A second conclusion is that we expect heatwaves will lead to a dramatic increase in revenue loss. Of the two data centre operators analysed, Company A has a higher projected average annual revenue loss from heatwaves in 2050.

It is important to bear in mind that these figures express the average or expected annual loss: the real numbers may be higher and come sooner. To illustrate this, we grouped assets located in the same hydrological basin and summed their return period losses.9 Extreme losses (that one might expect once in a hundred years) for Semiconductor Company C were nearly ten times larger than the expected annual losses. These ‘extreme’ estimates are likely still an underestimate, as flood events can occur over much larger areas than the hydrological basins we considered. This point illustrates the importance of incorporating extremes in financial physical climate risk assessments. We are working closely with Oxford and the CGFI to develop approaches that explicitly do this.

These case studies serve as a proof of concept on the usefulness of GRII data and the application of a new methodology to assess future financial losses at the asset level. The research deepens our understanding of the risks facing data centres and semiconductor manufacturers, and could inform engagements with companies in these sectors to assess and compare their plans for adaptation and resilience to all four hazards.

This work represents another step towards our goal of comprehensive reporting on the expected financial value of physical climate risks. We look forward to our continued collaboration with Oxford on sector-specific research, with the aim of translating climate hazards into model-ready financial inputs. 


1 Impax has been a supporter of the UK Centre for Greening Finance and Investment since its inception, and Impax Founder and CEO, Ian Simm, is a member of the CGFI Advisory Council

2 We would like to thank Dr Nicola Ranger and Dr Mark Bernhofen for their collaboration. Dr Nicola Ranger is Executive Director at the Oxford Martin Programme on Systemic Resilience, and Programme Leader on Resilience and International Development at the Environmental Change Institute, University of Oxford. Dr Mark Bernhofen is a Research Associate in Climate Analytics and Scenarios at the Oxford Sustainable Finance Group, which is part of the Smith School of Enterprise and the Environment at the University of Oxford. Both are part of the UK Centre for Greening Finance Investment which brings together eight research institutions from across the UK to support financial institutions to integrate climate risks into decision making.

3 Our analysis looked at 24 semiconductor manufacturing and research facilities and 64 data centres

4 An exploration of water stress to these semiconductor manufacturing assets was also briefly explored, given the very-high water intensity of the fabrication process, but did not ultimately feature in this stage of the analysis due to data constraints. We would like to explore this aspect further in the future.

5 Goldman Sachs Economics Research, 21 April 2021: A Semi-Troubling Shortage

6 Representative Concentration Pathways (RCPs) describe a wide range of plausible future emissions scenarios and reflect different greenhouse gas concentrations in the atmosphere, relative to pre-industrial levels. Here is an explainer: https://www.metoffice.gov.uk/binaries/content/assets/metofficegovuk/pdf/research/ukcp/ukcp18-guidance—representative-concentration-pathways.pdf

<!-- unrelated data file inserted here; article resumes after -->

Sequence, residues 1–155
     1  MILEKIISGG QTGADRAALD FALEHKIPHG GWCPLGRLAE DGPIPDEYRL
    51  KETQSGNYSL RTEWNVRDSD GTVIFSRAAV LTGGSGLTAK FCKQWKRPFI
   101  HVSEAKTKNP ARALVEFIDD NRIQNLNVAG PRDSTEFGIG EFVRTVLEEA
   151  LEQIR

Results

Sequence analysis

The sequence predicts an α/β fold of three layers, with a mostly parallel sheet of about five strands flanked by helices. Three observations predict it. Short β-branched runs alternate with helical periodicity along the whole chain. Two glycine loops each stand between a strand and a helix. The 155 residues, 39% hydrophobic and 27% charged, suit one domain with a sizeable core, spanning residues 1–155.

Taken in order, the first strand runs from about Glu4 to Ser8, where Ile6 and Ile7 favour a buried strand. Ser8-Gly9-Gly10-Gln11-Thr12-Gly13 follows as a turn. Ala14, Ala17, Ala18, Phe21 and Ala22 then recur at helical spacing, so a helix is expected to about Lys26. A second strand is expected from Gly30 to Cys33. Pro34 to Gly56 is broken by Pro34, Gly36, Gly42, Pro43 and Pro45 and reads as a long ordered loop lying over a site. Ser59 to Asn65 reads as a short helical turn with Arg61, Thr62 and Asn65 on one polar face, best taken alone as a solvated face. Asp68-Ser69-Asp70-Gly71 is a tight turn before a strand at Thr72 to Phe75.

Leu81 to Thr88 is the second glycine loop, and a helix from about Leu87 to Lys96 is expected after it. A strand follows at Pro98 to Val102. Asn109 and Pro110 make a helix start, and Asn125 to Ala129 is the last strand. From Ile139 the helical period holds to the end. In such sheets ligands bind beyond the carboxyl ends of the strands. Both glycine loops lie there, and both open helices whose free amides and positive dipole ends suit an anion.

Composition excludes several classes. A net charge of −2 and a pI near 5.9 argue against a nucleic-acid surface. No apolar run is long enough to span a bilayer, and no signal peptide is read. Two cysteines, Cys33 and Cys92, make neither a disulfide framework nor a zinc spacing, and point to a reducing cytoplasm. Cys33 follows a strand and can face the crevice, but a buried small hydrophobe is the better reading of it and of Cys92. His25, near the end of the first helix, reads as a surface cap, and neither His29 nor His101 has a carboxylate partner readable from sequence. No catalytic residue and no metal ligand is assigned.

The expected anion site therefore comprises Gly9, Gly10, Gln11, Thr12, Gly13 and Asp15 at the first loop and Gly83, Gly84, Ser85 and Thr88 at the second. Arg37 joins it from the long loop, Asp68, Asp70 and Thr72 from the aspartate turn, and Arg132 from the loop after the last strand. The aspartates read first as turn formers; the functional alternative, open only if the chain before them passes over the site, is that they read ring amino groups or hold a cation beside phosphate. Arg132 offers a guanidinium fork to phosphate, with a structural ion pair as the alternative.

7 For our forward-looking analysis, we make the simplifying assumption that future annual revenue is equal to present annual revenue.

8 Future flood risk estimates in the APAC region are highly uncertain (some models don’t even agree on the sign of future change). Researching the drivers of this uncertainty and developing best-practice for communicating uncertainty is an ongoing topic at the CGFI.

9 We use the HydroBASINS Level 8 classification under the assumption that assets in a basin of this size are likely to experience the same flood event.

Nothing presented herein is intended to constitute investment advice and no investment decision should be made solely based on this information.  Nothing presented should be construed as a recommendation to purchase or sell a particular type of security or follow any investment technique or strategy.  Information presented herein reflects Impax Asset Management’s views at a particular time.  Such views are subject to change at any point and Impax Asset Management shall not be obligated to provide any notice.  Any forward-looking statements or forecasts are based on assumptions and actual results are expected to vary.  While Impax Asset Management has used reasonable efforts to obtain information from reliable sources, we make no representations or warranties as to the accuracy, reliability or completeness of third-party information presented herein.  No guarantee of investment performance is being provided and no inference to the contrary should be made.

Matthew Wright

Research Analyst

Matthew works in our Listed Equities team, covering companies across the water value chain. He is also a specialist in physical climate risk research and impact, as they apply to Impax’s investments.

Matthew previously worked as an analyst in both a management consulting firm and in his first role as a carbon data analyst for an investment data analytics company, formerly known as Engaged Tracking.

He graduated in 2019 from Imperial College London after gaining a master’s degree in Environmental Technology with a focus on environmental economics and policy. Matthew also has a bachelor’s degree in Geophysics from Imperial College London.